Rocky Mountain Bighorn Sheep
The magnificent Rocky Mountain bighorn sheep was designated official state animal of Colorado in 1961. Named for their massive, curling horns (which can grow to 50 inches in length) and known for their agility and perfect balance, Rocky Mountain bighorns (Ovis canadensis) are found only in the Rockies (usually above the timberline) in extremely rugged terrain. Their horns are not shed annually like the antlers of deer and elk, but grow in length and circumference throughout the sheep's life (a pair can weigh nearly 30 pounds).
Fewer than 45,000 bighorn sheep are scattered through the western United States and Canada in small, isolated herds. Rocky Mountain bighorn sheep protection status on Endangered Species Act: Endangered. Uncontrolled hunting caused the extinction of the bighorn subspecies that once lived in the Black Hills and Badlands of South Dakota (the three small herds that exist there now were transplanted from other states). Today it is illegal to pursue, take, hunt, wound, or kill the Rocky Mountain Bighorn Sheep except as provided by law.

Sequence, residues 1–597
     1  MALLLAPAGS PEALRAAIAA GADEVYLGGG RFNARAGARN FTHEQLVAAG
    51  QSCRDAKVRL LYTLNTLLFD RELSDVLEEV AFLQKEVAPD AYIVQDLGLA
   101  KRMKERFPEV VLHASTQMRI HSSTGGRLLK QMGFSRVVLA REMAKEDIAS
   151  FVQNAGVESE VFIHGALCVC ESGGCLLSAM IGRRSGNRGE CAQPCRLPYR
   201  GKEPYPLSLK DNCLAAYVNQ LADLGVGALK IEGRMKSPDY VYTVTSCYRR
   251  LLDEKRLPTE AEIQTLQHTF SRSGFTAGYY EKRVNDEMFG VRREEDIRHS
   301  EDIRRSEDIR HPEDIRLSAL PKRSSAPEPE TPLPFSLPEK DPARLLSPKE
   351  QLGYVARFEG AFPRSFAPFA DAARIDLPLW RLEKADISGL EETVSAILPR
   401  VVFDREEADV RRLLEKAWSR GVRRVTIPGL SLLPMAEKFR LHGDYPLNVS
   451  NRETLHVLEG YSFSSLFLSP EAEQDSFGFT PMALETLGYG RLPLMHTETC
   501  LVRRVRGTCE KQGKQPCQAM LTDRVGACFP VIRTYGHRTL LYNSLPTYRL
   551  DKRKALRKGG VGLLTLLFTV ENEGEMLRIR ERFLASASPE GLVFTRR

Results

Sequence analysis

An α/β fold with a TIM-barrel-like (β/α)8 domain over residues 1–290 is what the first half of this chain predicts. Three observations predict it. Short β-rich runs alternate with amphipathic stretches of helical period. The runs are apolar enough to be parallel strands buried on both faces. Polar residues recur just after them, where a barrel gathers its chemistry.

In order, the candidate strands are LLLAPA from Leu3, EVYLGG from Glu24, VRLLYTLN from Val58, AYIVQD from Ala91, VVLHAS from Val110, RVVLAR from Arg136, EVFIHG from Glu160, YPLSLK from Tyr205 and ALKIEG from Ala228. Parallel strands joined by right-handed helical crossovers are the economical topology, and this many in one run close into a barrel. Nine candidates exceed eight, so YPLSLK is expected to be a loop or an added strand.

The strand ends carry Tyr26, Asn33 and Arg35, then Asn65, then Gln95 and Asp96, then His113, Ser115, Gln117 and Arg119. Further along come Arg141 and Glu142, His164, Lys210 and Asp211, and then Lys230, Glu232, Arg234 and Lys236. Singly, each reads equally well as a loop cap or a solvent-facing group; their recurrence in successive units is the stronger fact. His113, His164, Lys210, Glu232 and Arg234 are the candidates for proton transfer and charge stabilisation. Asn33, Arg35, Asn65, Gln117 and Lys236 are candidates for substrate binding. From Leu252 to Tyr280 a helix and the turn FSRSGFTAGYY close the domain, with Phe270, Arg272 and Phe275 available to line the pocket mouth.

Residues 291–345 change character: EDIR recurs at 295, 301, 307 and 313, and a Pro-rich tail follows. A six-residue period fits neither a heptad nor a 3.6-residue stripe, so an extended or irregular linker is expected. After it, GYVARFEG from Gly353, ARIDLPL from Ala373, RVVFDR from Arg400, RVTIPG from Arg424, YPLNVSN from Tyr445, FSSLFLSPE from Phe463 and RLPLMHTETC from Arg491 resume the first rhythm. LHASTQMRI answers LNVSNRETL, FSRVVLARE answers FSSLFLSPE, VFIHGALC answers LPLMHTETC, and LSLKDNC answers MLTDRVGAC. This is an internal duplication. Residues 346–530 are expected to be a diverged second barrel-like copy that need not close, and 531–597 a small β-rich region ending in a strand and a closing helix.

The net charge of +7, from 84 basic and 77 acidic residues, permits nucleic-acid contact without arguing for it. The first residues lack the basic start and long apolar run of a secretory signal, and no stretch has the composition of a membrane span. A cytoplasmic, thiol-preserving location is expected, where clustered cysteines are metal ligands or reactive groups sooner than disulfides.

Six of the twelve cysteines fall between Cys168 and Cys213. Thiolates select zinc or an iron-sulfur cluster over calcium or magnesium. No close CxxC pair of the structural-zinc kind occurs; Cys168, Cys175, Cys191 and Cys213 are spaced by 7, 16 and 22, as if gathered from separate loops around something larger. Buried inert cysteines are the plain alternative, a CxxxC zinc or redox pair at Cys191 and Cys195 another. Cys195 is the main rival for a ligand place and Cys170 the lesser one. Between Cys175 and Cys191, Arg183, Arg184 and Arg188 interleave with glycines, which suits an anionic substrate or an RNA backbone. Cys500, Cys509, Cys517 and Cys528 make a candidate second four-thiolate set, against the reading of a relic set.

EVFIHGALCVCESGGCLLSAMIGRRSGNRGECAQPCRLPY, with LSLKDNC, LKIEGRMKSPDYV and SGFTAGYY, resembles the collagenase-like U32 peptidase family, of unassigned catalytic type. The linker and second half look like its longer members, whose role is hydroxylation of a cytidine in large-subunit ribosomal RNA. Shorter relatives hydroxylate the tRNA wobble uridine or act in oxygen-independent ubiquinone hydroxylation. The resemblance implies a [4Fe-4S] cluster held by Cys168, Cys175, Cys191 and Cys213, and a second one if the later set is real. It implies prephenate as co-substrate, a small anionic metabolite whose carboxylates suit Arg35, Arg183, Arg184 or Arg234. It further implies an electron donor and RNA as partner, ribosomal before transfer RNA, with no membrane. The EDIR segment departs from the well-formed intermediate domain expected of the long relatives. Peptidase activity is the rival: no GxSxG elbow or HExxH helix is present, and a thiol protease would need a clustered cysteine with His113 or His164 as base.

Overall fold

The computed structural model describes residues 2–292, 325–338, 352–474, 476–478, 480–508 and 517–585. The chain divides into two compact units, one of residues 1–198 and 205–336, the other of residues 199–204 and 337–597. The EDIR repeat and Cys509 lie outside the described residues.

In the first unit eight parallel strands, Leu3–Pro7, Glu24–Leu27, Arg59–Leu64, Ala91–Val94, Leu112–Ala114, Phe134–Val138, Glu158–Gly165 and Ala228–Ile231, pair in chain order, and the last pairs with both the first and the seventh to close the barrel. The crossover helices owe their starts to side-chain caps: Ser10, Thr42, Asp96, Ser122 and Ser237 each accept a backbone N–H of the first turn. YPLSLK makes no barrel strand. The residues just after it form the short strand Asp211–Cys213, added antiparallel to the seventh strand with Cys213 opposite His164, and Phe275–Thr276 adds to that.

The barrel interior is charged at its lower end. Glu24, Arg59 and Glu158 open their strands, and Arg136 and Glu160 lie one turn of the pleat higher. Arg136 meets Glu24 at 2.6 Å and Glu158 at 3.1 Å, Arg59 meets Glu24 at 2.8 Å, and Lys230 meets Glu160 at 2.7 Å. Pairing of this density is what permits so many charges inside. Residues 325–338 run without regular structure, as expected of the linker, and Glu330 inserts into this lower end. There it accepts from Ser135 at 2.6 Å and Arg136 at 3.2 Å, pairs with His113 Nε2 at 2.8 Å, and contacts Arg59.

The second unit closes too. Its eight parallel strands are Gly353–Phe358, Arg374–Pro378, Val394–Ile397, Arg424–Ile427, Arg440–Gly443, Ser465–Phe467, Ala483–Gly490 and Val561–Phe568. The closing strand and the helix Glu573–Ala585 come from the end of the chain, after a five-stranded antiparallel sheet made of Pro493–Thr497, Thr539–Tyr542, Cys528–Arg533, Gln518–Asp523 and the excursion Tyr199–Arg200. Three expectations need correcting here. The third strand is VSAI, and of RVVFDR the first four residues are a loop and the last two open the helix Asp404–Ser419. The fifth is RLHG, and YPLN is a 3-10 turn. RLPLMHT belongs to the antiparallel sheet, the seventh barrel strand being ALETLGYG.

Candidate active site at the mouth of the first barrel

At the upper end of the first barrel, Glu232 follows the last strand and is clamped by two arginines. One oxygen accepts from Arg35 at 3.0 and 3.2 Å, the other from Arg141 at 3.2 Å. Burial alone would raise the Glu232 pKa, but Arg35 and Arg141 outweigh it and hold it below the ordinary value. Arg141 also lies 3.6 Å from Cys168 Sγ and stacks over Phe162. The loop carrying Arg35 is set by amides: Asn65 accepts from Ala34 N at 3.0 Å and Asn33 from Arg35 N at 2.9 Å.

Rocky Mountain bighorn sheep are very social animals, generally separated into two groups. Mature rams stay in one group while the ewes, lambs, and young rams congregate separately (rams stay with the "nursery group" until 2- 3 years of age). The groups join during the rut (mid November through late December) and sometimes for a short period in the spring. Ram bands have a social hierarchy established by body and horn size. Dramatic head- butting occurs between mature rams to determine leadership and dominance, but once the hierarchy is established, rams live in the same group with little further conflict (normal life span is 10 to 12 years).